February 16-18
Congregation Nahalat Shalom
Henry Sapoznik
Margot Leverett
Avia Moore

Here is the plan:

The 16th Annual KlezmerQuerque is a three-day festival of concerts, workshops and dance parties featuring ‘Klezmer’ which is the traditional dance and instrumental music based in the ancient wedding ceremonies of the Eastern European Jewish people.

The festival will take place from February 16-18, 2018 (Friday evening through Sunday evening) over Presidents Day weekend.

KlezmerQuerque is produced by Congregation Nahalat Shalom, its 22-piece inter-generational Community Klezmer Band, and Rikud dance troupe.

The festival presents a wide variety of events for all ages, abilities and budgets including a free children’s event, concerts, dance parties, lecture-presentations, and “hands-on” workshops in music and dance.

Highlights of the festival include 
  • Performances by the guest artists on Friday evening February 16 as part of Der Freylekher Shabbes; 
  • Performance and a dance party on Saturday evening, February 17, featuring the guest artists; 
  • Four workshops by the guest artists on Sunday, February 18 between 10:00 am and 5:45 pm.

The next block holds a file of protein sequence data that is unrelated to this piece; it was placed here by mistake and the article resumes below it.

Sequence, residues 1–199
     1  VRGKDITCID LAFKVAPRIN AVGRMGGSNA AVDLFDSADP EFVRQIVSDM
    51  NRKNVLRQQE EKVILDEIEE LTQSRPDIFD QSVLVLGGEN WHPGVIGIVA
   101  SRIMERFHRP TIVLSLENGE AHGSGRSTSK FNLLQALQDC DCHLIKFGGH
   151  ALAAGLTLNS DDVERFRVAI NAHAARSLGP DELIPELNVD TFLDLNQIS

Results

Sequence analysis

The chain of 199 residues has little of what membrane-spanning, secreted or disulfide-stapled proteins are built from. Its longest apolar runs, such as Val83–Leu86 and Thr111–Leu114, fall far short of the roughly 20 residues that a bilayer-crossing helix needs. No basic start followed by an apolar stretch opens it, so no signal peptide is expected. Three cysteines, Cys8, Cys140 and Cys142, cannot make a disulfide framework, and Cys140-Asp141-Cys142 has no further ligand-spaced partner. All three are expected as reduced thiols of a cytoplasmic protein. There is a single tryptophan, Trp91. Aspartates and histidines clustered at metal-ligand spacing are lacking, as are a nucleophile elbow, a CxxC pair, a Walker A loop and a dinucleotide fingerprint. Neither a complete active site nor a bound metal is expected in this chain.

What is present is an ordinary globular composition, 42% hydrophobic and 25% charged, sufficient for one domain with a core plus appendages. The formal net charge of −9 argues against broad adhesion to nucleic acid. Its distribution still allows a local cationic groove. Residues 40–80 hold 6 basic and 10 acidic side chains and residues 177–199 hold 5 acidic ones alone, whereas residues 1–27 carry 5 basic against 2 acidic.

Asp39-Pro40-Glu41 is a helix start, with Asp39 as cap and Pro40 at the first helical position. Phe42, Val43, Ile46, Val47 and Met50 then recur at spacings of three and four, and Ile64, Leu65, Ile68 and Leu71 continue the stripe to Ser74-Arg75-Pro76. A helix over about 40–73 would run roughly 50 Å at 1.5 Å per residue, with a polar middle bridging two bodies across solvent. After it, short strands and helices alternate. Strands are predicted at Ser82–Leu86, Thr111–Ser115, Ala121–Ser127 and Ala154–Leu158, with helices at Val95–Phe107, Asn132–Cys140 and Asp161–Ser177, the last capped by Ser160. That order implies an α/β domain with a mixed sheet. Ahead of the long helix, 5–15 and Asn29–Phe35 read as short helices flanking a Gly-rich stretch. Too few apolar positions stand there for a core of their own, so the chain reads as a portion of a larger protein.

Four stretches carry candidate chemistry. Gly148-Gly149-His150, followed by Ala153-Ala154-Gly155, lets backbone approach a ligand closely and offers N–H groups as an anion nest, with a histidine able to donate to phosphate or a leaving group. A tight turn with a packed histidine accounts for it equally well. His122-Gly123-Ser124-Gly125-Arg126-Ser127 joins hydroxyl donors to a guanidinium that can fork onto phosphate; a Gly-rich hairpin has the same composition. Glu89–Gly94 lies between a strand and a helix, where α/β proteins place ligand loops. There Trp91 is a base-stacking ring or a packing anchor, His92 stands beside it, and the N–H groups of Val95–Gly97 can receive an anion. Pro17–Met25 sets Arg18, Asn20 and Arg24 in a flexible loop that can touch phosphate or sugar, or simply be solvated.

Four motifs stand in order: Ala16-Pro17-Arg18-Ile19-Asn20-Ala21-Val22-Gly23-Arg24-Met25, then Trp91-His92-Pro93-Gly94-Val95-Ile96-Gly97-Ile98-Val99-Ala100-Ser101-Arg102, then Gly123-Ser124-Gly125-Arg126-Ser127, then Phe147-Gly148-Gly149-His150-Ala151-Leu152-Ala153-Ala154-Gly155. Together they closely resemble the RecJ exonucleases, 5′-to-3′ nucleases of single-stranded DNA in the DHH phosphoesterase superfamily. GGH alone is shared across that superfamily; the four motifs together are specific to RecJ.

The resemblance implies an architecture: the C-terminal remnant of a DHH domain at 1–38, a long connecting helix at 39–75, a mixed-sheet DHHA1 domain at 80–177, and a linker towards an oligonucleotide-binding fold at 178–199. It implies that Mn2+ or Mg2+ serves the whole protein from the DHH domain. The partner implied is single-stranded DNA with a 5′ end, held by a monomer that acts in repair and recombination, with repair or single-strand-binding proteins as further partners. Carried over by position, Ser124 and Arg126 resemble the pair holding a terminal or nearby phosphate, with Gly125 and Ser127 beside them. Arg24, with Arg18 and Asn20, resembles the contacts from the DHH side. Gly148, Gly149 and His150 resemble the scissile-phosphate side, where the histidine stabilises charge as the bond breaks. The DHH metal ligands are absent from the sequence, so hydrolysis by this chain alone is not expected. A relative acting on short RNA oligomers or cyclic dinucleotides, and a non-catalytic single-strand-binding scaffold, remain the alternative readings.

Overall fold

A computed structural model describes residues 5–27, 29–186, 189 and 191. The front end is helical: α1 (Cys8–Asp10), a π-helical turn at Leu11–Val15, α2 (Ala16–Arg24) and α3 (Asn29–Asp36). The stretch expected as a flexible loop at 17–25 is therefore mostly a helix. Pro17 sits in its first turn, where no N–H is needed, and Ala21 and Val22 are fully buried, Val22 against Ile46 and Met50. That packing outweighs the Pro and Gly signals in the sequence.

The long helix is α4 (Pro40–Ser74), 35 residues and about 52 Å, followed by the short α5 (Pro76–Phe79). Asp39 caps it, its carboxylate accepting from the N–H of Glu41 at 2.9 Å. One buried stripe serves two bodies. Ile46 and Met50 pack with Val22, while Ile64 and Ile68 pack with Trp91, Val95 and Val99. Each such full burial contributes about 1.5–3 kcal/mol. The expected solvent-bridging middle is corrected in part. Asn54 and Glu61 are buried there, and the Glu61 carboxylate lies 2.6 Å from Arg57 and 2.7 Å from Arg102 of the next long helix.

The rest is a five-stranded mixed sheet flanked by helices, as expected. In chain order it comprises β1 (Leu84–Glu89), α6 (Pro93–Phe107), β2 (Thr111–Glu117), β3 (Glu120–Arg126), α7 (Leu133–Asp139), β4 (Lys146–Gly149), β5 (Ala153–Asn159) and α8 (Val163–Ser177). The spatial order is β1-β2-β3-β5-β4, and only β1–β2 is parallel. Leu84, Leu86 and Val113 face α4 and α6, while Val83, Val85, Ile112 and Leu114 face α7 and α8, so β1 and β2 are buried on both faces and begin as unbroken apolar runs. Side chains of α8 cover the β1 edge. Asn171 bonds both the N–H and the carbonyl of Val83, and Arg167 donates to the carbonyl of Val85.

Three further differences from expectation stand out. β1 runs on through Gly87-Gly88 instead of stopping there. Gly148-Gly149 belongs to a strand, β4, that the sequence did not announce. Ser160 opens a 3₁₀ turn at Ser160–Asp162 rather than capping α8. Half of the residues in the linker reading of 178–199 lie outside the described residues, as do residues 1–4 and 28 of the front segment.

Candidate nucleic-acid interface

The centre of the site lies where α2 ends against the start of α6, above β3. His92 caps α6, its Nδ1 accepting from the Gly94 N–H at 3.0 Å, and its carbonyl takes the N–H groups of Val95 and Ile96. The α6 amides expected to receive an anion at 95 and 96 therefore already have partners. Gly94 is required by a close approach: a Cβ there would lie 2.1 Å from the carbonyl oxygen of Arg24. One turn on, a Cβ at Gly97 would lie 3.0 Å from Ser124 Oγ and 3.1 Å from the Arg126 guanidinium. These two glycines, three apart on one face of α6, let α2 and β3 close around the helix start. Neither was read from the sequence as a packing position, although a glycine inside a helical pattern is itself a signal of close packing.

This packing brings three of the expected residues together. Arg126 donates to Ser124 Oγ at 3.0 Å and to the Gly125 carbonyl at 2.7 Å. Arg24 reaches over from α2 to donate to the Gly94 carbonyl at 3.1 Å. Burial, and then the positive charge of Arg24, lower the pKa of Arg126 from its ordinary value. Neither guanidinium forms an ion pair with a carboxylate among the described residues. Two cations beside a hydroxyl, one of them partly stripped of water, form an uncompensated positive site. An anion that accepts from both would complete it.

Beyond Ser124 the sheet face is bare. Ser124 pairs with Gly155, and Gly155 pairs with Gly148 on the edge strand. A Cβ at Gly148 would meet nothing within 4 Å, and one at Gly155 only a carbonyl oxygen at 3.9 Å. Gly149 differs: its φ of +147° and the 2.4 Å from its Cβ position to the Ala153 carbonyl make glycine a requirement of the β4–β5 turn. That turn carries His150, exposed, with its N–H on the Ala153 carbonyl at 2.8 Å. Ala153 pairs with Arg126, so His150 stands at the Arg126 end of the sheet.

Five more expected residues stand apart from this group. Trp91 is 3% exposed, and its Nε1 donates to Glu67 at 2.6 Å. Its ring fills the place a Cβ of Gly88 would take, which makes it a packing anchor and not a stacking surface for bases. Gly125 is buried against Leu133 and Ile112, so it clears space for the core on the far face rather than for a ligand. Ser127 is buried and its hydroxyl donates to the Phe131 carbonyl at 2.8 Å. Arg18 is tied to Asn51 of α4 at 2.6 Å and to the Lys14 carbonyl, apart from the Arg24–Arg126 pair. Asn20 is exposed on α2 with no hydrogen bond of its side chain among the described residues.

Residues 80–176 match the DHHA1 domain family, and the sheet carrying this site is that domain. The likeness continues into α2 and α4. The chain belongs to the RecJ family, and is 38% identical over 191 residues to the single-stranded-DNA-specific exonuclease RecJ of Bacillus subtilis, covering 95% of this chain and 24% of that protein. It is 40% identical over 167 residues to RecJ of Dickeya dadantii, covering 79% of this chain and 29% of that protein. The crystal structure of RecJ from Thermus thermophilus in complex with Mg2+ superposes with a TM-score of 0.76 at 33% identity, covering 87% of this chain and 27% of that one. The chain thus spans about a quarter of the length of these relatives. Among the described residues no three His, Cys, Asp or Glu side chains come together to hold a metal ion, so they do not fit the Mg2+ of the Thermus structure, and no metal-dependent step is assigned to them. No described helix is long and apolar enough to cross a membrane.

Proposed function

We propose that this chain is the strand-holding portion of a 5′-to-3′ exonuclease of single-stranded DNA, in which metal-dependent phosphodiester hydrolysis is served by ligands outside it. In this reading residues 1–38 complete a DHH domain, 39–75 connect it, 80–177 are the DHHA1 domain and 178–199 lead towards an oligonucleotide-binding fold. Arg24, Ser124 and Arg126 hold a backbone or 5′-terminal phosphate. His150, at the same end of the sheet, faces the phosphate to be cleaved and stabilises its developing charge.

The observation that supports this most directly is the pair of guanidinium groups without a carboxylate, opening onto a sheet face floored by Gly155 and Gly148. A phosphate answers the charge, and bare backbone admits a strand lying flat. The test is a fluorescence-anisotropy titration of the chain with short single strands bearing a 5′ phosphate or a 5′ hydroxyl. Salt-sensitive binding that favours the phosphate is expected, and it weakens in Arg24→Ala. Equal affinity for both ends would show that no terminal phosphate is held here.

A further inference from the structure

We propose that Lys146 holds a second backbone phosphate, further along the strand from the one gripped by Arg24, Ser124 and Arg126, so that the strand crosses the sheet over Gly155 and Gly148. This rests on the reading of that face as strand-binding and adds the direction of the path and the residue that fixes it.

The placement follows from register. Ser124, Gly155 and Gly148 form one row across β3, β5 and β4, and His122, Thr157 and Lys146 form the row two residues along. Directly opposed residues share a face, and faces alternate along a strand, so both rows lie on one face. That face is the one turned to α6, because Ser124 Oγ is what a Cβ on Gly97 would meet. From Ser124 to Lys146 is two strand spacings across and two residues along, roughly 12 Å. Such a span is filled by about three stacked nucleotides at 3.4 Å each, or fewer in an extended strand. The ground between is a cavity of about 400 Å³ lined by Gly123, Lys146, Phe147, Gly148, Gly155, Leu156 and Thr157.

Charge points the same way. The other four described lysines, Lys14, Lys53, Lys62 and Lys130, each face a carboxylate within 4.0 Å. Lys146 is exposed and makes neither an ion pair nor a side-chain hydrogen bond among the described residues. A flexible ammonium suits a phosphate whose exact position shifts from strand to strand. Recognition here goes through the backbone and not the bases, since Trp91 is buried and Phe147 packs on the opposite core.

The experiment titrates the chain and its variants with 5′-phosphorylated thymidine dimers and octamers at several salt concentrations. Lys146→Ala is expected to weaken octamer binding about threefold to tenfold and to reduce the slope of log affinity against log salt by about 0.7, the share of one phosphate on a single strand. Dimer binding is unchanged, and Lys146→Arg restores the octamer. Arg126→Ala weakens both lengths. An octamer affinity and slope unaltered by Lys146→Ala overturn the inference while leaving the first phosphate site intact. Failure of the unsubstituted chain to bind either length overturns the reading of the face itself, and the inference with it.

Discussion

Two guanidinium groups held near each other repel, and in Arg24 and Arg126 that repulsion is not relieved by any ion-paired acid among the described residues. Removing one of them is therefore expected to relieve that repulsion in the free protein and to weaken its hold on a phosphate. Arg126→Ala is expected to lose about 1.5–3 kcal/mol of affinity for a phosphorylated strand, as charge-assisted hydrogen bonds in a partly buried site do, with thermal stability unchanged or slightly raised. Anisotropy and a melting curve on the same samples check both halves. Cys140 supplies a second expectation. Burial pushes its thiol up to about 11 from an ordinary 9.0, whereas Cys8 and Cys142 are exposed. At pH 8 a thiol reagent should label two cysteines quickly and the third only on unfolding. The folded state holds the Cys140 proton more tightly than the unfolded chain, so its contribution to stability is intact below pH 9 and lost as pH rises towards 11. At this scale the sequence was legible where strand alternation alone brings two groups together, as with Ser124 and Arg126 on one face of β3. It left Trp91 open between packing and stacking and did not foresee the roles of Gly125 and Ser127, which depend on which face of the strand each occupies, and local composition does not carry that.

Henry Sapoznik, IYDK, is an award-winning record and radio producer, banjoist, author, and ethnomusicologist in the fields of Yiddish and American popular and traditional music. Henry is a pioneer - the first? - in the worldwide revival of klezmer music.

Margot Leverett (see Margot's in New Mexico!) is one of the foremost of the new generation of klezmer clarinetists. Margot was involved in avant-garde music when she first heard klezmer. When it comes to klezmer and Jewgrass, Margot is one of the best.

Photo by Randi Thompson

Avia Moore - dance leader, teacher, and choreographer from Toronto, Canada - will be leading dances at the parties and teaching workshops.